Recollection-related hippocampal fMRI effects predict longitudinal memory change in healthy older adults

Mingzhu Hou, Marianne De Chastelaine, Manasi Jayakumar, Brian E. Donley, Michael D. Rugg

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Prior fMRI studies have reported relationships between memory-related activity in the hippocampus and in-scanner memory performance, but whether such activity is predictive of longitudinal memory change remains unclear. Here, we administered a neuropsychological test battery to a sample of cognitively healthy older adults on three occasions, the second and third sessions occurring one month and three years after the first session. Structural and functional MRI data were acquired between the first two sessions. The fMRI data were derived from an associative recognition procedure and allowed estimation of hippocampal effects associated with both successful associative encoding and successful associative recognition (recollection). Baseline memory performance and memory change were evaluated using memory component scores derived from a principal components analysis of the neuropsychological test scores. Across participants, right hippocampal encoding effects correlated significantly with baseline memory performance after controlling for chronological age. Additionally, both left and right hippocampal associative recognition effects correlated negatively with longitudinal memory decline after controlling for age, and the relationship with the left hippocampal effect remained after also controlling for left hippocampal volume. Thus, in cognitively healthy older adults, the magnitude of hippocampal recollection effects appears to be a robust predictor of future memory change.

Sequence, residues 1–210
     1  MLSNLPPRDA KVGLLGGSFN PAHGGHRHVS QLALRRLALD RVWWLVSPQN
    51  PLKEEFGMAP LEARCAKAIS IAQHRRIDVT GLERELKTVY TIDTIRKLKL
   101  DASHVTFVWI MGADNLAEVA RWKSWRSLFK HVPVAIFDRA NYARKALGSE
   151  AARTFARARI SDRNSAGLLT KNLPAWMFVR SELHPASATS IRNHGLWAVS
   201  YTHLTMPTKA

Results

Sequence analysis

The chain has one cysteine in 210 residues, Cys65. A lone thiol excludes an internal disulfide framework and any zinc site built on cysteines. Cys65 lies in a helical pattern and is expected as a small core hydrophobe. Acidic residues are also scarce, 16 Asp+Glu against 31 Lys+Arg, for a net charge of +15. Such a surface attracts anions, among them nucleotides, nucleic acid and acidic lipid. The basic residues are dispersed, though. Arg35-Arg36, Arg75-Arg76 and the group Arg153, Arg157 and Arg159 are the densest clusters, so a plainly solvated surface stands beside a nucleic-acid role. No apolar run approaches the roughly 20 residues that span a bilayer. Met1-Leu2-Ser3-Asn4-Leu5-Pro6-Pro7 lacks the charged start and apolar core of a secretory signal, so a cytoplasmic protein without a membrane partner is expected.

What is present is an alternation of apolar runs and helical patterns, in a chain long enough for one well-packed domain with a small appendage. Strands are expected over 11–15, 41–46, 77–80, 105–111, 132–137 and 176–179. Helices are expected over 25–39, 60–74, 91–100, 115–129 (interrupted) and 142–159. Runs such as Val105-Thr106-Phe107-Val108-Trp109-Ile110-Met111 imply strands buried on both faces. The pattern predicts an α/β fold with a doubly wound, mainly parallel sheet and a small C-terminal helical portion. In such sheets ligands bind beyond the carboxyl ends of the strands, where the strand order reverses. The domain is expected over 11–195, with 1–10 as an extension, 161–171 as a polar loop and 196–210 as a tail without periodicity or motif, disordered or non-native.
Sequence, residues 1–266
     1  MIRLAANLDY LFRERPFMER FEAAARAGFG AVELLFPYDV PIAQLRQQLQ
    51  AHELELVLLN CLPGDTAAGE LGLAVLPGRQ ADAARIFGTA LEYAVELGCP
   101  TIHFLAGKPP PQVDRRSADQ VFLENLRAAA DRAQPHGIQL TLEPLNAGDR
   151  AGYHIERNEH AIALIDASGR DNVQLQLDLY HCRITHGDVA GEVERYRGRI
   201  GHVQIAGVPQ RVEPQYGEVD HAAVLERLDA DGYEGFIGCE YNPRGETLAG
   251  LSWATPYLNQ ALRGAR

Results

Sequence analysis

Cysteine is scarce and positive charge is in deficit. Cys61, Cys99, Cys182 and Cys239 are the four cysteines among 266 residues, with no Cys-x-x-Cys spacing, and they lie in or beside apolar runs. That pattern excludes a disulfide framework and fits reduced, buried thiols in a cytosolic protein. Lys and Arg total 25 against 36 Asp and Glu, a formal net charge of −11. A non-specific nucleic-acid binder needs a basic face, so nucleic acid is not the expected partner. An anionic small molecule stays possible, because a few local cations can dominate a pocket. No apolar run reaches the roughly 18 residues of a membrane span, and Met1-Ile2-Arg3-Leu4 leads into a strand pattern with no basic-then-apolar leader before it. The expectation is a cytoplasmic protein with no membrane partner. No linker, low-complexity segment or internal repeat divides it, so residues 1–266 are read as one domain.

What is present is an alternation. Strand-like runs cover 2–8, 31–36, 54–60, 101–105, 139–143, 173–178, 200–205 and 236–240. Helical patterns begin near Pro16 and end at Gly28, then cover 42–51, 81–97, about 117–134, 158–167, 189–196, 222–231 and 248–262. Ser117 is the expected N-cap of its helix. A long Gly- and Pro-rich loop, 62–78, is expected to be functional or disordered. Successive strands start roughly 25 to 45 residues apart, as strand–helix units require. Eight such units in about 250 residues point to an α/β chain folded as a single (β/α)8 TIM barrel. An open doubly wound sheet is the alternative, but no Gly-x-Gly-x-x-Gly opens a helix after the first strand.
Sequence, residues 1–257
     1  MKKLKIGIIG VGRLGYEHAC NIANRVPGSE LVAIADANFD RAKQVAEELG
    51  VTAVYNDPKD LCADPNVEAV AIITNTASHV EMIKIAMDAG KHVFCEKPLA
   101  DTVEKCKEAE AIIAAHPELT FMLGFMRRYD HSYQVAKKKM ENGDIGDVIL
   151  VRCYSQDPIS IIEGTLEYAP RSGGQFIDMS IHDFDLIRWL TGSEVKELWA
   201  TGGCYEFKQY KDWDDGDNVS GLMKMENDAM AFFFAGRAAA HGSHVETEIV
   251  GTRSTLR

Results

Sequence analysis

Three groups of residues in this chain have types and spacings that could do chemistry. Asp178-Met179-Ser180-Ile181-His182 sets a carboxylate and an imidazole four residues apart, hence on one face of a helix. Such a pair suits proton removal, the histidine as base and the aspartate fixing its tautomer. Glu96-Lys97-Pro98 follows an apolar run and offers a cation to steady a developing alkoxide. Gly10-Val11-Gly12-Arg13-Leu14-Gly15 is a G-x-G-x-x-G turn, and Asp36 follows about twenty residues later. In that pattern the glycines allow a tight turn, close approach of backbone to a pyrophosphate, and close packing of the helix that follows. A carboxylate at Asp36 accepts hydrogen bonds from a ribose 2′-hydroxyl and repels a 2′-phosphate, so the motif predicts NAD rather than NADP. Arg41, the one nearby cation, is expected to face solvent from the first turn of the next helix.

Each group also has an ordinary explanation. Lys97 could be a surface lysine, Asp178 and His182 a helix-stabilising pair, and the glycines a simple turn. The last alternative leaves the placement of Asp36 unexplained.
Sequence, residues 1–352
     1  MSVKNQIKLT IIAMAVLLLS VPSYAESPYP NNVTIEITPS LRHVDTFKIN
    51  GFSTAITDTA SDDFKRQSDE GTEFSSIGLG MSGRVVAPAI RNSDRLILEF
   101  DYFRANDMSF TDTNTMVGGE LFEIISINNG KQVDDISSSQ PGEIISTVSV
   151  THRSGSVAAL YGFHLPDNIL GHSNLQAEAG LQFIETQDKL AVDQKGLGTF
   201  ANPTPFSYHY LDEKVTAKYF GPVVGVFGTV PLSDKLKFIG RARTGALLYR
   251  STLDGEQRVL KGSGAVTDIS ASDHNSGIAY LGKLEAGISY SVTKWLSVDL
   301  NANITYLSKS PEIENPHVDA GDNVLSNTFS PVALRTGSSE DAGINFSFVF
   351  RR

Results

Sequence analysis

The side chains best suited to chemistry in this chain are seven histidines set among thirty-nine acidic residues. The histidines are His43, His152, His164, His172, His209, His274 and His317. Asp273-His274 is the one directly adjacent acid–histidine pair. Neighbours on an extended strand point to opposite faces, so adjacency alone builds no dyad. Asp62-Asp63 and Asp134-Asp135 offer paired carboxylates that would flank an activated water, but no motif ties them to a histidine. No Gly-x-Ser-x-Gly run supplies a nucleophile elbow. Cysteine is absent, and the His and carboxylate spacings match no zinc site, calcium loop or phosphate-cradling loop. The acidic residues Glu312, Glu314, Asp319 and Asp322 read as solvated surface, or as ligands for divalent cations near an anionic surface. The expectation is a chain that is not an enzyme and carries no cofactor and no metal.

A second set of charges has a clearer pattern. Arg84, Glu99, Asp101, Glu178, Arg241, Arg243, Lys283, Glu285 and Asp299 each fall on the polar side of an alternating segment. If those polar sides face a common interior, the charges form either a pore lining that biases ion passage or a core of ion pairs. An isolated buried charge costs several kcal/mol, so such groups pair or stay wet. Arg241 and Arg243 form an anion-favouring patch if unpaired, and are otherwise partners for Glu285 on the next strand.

Original languageEnglish
Article number107537
Early online date19 Jun 2020
Publication statusPublished - Sep 2020

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